15 Apr Hemp Could Save Florida Farms During Pandemic
During this pandemic, hemp could be Florida’s farmers only hope. Florida farmers were struggling to begin with. Citrus Greening has hit Florida’s citrus industry so hard; it is now common to find California oranges in Florida supermarkets. Our land has become over farmed and a whole industry is suffering because of it.
Enter COVID-19, restaurants are closing down or at least seeing a reduction in sales, which is reducing the demand for small farmers to deliver produce. Grocery stores are doing well during this whole pandemic, but their sales are mostly nonperishable goods. People are worries and stocking up for the worst! Unfortunately, oranges, blackberries, and strawberries aren’t considered foods one would use to stock up for an emergency. Florida’s farmers are having to throw out up to 70% of their crops due to a lack of demand amid the coronavirus pandemic.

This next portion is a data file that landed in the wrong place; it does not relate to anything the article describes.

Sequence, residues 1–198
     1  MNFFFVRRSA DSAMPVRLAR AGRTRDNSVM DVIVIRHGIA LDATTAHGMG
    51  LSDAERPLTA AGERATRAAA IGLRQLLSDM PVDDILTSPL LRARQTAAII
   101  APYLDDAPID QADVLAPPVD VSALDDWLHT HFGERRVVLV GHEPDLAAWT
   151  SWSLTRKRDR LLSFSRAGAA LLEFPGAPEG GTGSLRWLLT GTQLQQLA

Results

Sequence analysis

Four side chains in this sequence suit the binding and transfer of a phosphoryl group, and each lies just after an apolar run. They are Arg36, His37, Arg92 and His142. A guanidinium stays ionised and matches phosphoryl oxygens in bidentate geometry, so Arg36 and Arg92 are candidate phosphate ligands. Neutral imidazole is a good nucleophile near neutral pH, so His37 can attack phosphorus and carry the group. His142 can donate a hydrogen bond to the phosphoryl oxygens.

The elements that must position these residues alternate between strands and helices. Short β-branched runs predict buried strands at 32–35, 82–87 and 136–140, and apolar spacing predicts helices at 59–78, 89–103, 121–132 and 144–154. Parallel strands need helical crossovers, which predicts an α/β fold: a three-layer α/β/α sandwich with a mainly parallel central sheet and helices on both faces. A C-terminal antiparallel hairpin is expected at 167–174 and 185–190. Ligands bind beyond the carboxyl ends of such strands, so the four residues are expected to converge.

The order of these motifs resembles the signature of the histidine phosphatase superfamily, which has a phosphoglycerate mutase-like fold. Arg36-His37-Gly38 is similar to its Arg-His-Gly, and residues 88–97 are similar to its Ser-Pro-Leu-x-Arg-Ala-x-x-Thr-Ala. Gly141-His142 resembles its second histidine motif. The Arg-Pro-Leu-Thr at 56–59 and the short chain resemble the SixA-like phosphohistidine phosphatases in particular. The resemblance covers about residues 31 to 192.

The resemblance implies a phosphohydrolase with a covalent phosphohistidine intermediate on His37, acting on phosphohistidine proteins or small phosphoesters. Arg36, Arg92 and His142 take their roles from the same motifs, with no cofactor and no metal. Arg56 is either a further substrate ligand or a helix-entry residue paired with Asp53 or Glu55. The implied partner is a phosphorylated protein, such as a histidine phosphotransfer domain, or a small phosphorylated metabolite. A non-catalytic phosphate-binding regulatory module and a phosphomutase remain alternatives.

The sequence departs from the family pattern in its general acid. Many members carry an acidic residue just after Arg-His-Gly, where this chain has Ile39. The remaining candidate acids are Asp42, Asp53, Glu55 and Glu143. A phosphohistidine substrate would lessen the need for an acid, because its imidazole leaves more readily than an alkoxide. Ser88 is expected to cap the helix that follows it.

“A lot of our farmers were selling directly to restaurants, were selling directly to the cruise line industry or even to Disney,” said Florida Commissioner of Agriculture Nikki Fried. “Agriculture has always been the second economic driver with two million jobs across the state, 47,000 working farms and ranches. That’s a $137 billion economic impact. And when the economy is so reliant on tourism, and unfortunately now tourism is at a dead stop, agriculture is gonna be, if not already, the number one economic driver.”
Hemp grown in Florida also means that Florida’s huge CBD business will stop relying on out of state hemp. Fried anticipates 3,000 cultivations applications to come in as soon as the project opens up! The good news is most will qualify. All you need is land zoned for agriculture and to not have a conviction for a narcotics felony in the past 10 years.